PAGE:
You spend all year thinking about the big race - the solo distance race.
This is no team effort.
You can't rely on anyone else.
It's all you.
You train, study maps, plan out the course in your mind.
You dwell on it, maybe like you did with Christmas as a kid.
Then finally the day comes.
Maybe you've trained diligently for it,
maybe you're not sure you trained enough.
Either way, it's time.
You climb onto your assigned boat,
wrap your hands around the oar,
and begin the slow row out to the starting area.
Thoughts race through your head:
"Where are we going?"
"Am I ready?"
"Should I be rowing faster?
"Or should I be trying to conserve my energy?"
"Do I have a good boat?"
"Is it as fast as the others?"
"How do I match up with these other guys?"
"I hope I don't break the oar."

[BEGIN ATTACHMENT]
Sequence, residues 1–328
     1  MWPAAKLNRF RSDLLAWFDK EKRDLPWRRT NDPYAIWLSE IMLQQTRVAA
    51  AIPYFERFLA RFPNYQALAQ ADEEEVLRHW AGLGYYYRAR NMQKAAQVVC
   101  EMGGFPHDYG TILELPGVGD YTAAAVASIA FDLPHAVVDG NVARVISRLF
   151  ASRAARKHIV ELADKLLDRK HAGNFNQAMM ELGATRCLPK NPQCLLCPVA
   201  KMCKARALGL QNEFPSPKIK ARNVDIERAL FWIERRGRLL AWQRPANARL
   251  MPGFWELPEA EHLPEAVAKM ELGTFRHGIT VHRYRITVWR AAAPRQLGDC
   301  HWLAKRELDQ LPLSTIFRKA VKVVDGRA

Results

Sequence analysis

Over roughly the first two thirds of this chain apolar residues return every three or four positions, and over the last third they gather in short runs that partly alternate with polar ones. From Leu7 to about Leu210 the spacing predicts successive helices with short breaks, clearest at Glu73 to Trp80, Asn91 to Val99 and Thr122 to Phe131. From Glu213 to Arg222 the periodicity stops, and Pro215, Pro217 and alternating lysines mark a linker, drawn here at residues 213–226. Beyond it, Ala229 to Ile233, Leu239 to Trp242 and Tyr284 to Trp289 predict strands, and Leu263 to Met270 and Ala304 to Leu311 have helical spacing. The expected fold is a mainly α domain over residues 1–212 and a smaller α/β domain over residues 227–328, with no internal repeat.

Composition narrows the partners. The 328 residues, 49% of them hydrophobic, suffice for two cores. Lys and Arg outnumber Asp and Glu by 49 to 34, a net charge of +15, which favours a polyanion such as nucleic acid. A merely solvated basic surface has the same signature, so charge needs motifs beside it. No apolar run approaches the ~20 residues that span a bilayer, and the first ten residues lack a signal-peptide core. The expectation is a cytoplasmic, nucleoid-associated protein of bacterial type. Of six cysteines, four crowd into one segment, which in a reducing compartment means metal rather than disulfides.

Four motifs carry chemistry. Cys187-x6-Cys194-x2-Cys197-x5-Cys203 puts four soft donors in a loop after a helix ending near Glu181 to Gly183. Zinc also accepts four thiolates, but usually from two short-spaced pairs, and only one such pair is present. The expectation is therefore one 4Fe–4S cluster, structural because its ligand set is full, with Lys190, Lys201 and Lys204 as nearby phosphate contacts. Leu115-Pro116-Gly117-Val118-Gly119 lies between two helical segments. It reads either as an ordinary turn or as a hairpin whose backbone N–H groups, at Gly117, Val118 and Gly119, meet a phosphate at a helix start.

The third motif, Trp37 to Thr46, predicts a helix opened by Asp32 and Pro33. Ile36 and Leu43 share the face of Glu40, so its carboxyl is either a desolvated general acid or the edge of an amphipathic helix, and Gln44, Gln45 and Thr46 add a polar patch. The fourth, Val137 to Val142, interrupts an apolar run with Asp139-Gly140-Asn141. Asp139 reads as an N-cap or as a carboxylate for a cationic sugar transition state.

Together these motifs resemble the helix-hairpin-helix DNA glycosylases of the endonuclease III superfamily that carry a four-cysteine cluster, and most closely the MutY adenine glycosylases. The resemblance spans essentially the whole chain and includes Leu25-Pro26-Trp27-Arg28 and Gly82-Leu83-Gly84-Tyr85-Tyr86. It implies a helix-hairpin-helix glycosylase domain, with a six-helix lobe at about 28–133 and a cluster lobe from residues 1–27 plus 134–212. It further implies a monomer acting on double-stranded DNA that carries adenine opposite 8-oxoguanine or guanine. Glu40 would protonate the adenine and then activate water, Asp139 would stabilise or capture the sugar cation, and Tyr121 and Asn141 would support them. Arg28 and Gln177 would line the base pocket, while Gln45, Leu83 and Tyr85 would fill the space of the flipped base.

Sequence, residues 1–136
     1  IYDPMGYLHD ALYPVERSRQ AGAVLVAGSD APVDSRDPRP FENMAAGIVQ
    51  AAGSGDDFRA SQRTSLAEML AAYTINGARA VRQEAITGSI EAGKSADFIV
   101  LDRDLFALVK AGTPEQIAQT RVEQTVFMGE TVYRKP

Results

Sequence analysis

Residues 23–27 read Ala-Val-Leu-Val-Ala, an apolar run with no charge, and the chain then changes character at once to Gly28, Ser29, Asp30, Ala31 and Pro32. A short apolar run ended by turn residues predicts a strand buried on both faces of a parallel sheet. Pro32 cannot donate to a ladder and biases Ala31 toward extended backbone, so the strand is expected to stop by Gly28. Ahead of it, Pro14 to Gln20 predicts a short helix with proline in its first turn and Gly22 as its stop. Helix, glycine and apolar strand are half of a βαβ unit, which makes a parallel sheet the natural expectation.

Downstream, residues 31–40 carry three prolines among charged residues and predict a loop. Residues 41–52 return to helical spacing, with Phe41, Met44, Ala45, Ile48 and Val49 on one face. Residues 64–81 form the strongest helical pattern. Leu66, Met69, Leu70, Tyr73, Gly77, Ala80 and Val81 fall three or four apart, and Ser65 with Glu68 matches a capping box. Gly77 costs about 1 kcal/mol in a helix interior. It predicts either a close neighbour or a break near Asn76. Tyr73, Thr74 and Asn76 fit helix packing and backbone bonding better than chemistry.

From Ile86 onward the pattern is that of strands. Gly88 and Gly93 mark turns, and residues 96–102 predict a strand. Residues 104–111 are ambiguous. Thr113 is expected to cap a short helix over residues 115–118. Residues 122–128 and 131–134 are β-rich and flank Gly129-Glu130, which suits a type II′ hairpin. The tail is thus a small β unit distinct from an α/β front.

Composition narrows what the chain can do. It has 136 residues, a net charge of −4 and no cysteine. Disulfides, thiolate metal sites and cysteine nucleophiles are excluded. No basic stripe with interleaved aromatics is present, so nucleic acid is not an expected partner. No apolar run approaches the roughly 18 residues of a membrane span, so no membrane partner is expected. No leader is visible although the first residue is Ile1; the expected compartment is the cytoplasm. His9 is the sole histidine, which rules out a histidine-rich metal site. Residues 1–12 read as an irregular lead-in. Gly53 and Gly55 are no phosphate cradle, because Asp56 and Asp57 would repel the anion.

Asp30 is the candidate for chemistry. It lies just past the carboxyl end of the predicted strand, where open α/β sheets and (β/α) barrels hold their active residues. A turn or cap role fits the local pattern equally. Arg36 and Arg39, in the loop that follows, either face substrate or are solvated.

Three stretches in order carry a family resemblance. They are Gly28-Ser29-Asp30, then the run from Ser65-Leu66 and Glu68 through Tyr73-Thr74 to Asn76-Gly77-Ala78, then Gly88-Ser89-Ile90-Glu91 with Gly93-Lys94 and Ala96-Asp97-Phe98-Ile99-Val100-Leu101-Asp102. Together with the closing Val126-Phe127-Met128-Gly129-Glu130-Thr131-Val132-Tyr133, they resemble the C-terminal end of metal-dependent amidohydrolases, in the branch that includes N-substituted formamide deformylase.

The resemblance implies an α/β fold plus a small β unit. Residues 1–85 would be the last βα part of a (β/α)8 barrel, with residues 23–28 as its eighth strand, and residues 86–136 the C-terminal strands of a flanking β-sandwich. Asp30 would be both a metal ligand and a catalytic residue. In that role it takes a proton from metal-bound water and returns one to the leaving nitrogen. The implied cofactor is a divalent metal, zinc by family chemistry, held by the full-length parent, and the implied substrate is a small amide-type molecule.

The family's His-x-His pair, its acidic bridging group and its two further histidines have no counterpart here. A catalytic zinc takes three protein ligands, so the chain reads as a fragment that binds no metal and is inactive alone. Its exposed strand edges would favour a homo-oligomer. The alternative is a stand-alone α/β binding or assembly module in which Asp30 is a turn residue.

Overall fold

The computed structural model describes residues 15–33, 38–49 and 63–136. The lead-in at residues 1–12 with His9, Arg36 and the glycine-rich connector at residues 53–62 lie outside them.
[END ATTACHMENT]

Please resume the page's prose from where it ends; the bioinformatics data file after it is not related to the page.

Someone on the chase boat yells out instructions.
Everybody lines up as ordered.
If it hasn't happened already, you get that cold feeling that comes when adrenaline and anticipation are forced to inhabit the same space.
Your heart is thumping.
Every ounce of blood in your arms flows like arctic water in your veins.
There's a moment where all seems calm,
but it isn't.
"GO! GO! GO! GO!"
They're yelling from the chase boat.
You all explode in a rowing frenzy,
and the "calm" gives way...to the "storm".
That's how it begins.
How it ends, well, that's up to you.